Artfully Layered, Semi-Organic Experimental
Earlier this year in October, Andrew Bird released the second installment, Echolations: River, of the five-part series that started with Echolocations: Canyon. While all installments of Echolocations will be instrumental, Bird has not shied away from singing on his records, contributing his voice to songs like “Pulaski at Night” or LPs like Swimming at Night with Bowl of Fire. He also showcases his abilities with the guitar, glockenspiel, and whistling on the folksy Armchair Apocrypha and on the baroque-pop of Noble Beast. However, the standout feature of most, if not all of Bird’s records and releases showcase his skill and experimentalism on the violin, a talent he so expertly utilizes in a way unlike his classical contemporaries.
On Echolations: River, Bird utilizes nature and an awareness of the spatial relations it has with sound to record and compose this record. He explains, “I composed this record standing in the river beneath the old Glendale/Hyperion Bridges,” where he “[sent] out sound waves with violin, voice, whistles, and claps, wait[ed] to hear what notes tell me the most about where I [was] and [built] compositions from there.”
As “The Cormorants” opened up the album with gentle, lo-fi violin strokes and soft sounds of strings being plucked, the peaceful stream of water in the background could be heard, adding a thin layer atop the minimalism of the plucked strings. The song is whimsical yet slightly solemn and flows beautifully and seamlessly into the next song as if the water had transported listeners there. On “Eclipses,” the melody brightens up ever so slightly, becoming more and more upbeat as Bird layers the contrast between the high-pitched and low-pitched strings. Suddenly, beautiful violin trills and riffs jolt into focus. Though it sounds abstract, the legato and passionate violin bowing dramatically takes center stage. With the slower and deeper strokes in the background, as well as the hypnotically repetitive electric guitar plucks and the sound of marching in the background, the erratic track stands out not only in its beauty but also in its ability to unsettle and disorient its listeners.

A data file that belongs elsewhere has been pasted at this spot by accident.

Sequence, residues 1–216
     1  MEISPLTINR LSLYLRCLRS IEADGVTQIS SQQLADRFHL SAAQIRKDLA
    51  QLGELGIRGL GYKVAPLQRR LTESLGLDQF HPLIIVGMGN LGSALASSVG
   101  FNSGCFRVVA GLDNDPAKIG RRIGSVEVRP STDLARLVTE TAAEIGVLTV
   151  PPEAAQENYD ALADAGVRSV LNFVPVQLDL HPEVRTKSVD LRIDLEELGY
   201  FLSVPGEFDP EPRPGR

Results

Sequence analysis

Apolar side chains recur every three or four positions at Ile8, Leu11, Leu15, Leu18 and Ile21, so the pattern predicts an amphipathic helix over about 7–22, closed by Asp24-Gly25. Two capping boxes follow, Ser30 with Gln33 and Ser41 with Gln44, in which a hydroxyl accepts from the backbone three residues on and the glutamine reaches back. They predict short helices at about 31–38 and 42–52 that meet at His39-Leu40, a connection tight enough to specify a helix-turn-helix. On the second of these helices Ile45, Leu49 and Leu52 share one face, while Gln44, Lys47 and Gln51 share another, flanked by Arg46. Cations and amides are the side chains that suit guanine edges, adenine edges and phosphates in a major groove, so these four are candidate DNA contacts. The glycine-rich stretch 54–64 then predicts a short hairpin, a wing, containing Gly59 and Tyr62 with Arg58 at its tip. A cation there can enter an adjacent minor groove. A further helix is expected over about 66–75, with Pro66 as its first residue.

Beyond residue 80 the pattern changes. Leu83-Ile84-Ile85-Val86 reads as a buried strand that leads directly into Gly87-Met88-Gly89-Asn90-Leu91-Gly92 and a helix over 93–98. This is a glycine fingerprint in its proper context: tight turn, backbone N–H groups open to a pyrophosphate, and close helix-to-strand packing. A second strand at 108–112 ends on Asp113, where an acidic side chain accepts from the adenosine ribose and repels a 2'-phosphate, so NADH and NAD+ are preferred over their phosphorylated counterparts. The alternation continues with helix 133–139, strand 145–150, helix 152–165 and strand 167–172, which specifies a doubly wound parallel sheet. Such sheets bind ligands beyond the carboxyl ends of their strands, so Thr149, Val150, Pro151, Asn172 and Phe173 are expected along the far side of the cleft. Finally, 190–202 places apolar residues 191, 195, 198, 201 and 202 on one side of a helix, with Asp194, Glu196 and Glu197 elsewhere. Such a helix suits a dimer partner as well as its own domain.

Long tracks on instrumental projects are difficult to pull off. They often become tedious to listen to as their melodies and instruments start to sound all too familiar, or so overtly complex that it is undiscernible what the composer or artist even intended. Bird does not fall victim to these trappings of instrumental music. Though he uses nothing but voice and body, a few string instruments and the omnipresent sound of water, his compositions never feel like they aren’t novel on the many tracks that run well over 5 minutes. On “Gypsy Moth,” the body of water that sounded quiet, yet close now sounds massive, but distant, perhaps by his experimentation with where he stood under the Hyperion Bridge while he recorded it. The violin is still solemn and a little gritty, but much faster than it was on previous tracks. It is layered under a simple melody by another violin, eventually becoming dense and sensually overwhelming in a hypnotizing way. He continues to layer another piercing violin on top, which is slowly overtaken by a sweeping and harmonious low-pitched violin. It blends everything together and fades out little by little until all that is audible is the sound of the water once more. Bird’s longer tracks are artfully layered in a manner that allows them to feel almost chaotic and unpredictable yet controlled all the same.
The beauty of Echolocations: River is not one-dimensional. Its solemn representations of nature and what has become of it, especially in “Black-Crowned Night-Heron” and “Down Under the Hyperion Bridge,” are chilling and ominous. The loudness of the water in “Black-Crowned Night-Heron,” paired with the whining violins, evoke a sense of suffering from our planet that is increasingly forced into artificiality. Once the quiet screeches of the fleeting reedy wood-wind shows up, the track slowly fades into an uncomfortable, digitized buzz. Similarly on “Down Under the Hyperion Bridge,” the quiet, minor-key whistling skips atop the water in the background, echoing through. Many violins come in afterward, creating and layering similar but slightly unique melodies into a mysterious lullaby. The beat of the plucked strings shifts into more cheerful tones as the melody becomes higher-pitched and faster. However, by the second half of the song, a slower, quieter melody emerges, paired with the extremely high notes of Bird’s whistling. Though not exactly as upsetting as “Black-Crowned Night-Heron,” the switch from joviality to reservation seems to mark a pained maturity that Bird conveys with masterful technique and creativity.
The album closes with “The Green Heron,” which seemingly fuses digital distortion with the acoustic violin he uses, all with a Latin-sounding flair. Bird even reminds us of a melody he used earlier in the tracklist, suggesting a cyclical nature to the album. He fades out his instrumentals and ends the album without much climax, just as peacefully as it began. Even more so than his technical abilities or his compositional creativity, the core of this album’s strengths is Andrew Bird’s understanding of the space around him and its relationship with the sounds he makes when inspired by it. It is what keeps the lengthy tracks from growing familiar, what gives his small arsenal of instruments unexpected range and what allows him to replicate nature’s own suffering because of man-made replacements into his music.